In this paper, I use a pseudo-panel approach with data from the European Union Labour Force Survey to study the impact of paternity leave policies on mothers' employment in ten countries. Using a dynamic Difference-inDifference strategy, I show that paternity leave increased mothers' employment rate by up to 17% in the long run, and average hours worked by 2 to 4%. There is substantial heterogeneity across countries in the effect of paternity leave policies. The impact on employment rates is positive and significant in eight of the ten countries of the sample, while the impact on hours worked can be either positive or negative. I find no evidence that the reforms had any impact on Greece or Portugal.
We provide evidence on the impact of Covid-19 restriction policies on conflicts worldwide. We combine daily information on conflict events and government policy responses to limit the spread of coronavirus to study how demonstrations and violent events vary following shutdown policies. We use the staggered implementation of restriction policies across countries to identify the dynamic effects in an event study framework. Our results show that imposing a nationwide shutdown reduces the number of demonstrations, which suggests that public demonstrations are hampered by the rising cost of participation. However, the reduction is short-lived, as the number of demonstrations are back to their pre-restriction levels in two months. In contrast, we observe that the purported increase in mobilization or coordination costs, following the imposition of Covid-19 restrictions, has no impact on violent events that involve organized armed groups. Instead, we find that the number of events, on average, increase slightly following the implementation of the restriction policies. The rise in violent events is most prominent in poorer countries, with higher levels of polarization, and in authoritarian countries. We discuss the potential channels that can explain this heterogeneity.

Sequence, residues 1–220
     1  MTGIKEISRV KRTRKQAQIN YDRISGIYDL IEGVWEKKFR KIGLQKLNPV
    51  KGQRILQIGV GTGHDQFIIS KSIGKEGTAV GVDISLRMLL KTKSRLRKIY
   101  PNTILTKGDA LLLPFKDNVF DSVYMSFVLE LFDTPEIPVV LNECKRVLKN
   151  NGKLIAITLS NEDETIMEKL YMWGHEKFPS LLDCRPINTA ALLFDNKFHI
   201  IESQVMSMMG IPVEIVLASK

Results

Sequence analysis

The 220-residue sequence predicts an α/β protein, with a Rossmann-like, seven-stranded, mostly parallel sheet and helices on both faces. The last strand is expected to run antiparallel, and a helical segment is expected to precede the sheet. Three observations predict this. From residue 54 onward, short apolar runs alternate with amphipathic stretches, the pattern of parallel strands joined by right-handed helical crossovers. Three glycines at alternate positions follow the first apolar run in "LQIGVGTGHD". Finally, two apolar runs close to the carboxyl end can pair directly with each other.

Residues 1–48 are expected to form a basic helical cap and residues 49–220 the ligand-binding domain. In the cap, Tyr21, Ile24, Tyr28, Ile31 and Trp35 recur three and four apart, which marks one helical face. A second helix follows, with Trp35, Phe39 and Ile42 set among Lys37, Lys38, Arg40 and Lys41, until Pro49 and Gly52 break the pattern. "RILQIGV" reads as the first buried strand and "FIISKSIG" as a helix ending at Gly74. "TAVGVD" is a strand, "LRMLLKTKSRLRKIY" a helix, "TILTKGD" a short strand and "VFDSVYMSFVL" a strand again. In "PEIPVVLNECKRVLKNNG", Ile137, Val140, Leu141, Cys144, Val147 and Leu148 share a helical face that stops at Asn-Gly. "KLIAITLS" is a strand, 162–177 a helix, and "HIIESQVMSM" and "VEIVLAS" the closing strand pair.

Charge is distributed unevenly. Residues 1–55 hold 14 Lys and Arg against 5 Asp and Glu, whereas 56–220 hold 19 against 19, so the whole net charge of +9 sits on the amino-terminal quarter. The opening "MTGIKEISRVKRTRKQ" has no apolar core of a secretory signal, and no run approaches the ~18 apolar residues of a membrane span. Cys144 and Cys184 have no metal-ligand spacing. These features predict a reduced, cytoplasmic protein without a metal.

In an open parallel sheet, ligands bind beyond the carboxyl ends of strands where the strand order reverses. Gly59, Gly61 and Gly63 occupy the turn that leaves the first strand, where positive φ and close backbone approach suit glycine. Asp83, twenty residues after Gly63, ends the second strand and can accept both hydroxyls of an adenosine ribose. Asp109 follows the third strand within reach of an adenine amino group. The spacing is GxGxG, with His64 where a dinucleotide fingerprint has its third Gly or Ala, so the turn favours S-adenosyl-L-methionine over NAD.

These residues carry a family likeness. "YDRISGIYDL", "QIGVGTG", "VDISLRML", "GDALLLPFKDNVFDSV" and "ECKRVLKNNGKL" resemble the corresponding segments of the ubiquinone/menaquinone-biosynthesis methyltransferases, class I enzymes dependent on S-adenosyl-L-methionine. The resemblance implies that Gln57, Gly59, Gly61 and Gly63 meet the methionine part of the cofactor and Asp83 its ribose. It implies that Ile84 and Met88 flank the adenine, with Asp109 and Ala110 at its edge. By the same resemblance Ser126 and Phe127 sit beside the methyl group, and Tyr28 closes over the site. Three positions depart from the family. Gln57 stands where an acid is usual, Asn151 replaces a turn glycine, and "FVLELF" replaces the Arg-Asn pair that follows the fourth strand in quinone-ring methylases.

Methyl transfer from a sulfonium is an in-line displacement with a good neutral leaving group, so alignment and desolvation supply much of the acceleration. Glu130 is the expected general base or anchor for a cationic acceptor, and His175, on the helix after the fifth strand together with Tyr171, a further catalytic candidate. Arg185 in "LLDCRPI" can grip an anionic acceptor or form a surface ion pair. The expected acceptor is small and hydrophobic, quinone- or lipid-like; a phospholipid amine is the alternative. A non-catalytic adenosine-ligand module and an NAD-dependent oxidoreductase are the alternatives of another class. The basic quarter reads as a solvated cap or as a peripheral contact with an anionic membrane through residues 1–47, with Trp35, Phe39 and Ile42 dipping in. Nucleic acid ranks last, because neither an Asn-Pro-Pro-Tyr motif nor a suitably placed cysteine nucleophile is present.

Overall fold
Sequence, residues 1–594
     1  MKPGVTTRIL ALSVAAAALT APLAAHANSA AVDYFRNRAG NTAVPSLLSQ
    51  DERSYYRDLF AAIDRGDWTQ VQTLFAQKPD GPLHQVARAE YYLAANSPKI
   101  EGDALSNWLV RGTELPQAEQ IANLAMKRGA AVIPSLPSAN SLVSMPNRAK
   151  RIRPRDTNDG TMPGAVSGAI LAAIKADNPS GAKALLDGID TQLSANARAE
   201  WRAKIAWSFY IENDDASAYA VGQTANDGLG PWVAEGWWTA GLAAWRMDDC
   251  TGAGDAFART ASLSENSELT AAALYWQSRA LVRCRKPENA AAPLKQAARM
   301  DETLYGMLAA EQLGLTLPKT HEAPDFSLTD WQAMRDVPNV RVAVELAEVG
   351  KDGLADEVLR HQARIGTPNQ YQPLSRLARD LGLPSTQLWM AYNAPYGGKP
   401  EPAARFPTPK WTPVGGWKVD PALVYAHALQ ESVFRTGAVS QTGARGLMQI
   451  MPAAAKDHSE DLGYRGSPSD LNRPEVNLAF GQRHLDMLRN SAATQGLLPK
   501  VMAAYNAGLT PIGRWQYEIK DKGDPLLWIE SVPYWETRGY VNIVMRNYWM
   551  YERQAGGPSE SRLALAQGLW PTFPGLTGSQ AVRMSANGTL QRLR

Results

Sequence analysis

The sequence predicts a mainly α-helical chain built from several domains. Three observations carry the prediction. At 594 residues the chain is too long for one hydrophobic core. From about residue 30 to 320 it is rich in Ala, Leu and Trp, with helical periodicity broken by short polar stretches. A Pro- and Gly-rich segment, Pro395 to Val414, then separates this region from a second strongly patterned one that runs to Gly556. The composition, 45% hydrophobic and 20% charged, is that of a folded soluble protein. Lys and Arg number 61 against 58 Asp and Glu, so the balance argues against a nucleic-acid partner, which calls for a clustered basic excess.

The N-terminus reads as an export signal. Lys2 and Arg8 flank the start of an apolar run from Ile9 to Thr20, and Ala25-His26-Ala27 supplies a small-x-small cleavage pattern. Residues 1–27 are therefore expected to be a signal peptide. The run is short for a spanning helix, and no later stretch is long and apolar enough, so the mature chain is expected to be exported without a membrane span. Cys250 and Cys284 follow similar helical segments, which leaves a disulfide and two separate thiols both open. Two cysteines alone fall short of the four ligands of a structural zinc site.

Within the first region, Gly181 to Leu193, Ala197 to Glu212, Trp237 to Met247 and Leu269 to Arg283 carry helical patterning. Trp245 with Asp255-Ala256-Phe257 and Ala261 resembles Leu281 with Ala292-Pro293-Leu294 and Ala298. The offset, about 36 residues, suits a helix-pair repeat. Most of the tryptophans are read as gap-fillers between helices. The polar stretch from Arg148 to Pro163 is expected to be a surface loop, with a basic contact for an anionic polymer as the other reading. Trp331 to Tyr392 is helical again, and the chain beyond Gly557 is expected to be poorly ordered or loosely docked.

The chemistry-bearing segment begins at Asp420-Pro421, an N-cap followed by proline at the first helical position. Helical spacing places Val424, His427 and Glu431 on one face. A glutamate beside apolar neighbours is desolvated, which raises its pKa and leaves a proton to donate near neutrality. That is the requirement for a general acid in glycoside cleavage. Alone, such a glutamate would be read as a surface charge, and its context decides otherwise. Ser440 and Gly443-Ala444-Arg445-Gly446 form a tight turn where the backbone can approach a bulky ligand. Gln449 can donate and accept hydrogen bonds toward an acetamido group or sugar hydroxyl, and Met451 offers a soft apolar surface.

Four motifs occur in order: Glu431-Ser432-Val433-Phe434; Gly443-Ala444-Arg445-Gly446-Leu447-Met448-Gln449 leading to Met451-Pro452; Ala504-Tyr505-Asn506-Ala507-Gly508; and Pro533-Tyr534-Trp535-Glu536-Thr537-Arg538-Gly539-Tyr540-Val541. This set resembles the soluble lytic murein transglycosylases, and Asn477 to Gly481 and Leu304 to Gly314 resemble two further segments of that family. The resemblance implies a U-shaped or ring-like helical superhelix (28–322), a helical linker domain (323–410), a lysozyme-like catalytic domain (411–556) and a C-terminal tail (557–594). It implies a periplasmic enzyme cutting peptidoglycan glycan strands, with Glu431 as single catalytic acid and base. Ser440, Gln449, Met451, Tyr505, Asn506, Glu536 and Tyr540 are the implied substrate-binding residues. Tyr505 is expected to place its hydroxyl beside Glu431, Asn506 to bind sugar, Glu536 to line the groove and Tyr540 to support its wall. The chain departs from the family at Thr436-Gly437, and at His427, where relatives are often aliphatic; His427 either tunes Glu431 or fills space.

In the spirit of Blackwell (1951), we analyze how two fundamental mistakes in information processing-incorrect beliefs about the world and misperception of information-affect the expected utility ranking of information experiments. We explore their individual and combined influence on welfare and provide necessary and sufficient conditions when mistakes alter and possibly reverse the ranking of information experiments. Both mistakes by themselves reduce welfare in a model where payoff relevant actions also generate informative signals. This is true for naive decisionmakers, unaware of any errors, as well as for sophisticated decision-makers, who account for the possibility of mistakes. However, mistakes can interact in non-obvious ways and an agent might be better off suffering from both, rather than just one. We provide a characterization when such positive interactions are possible. Surprisingly, this holds true only for naive decision-makers and thus naivete can be beneficial. We discuss implications for information acquisition and avoidance, welfare-improving belief manipulation, and policy interventions in general.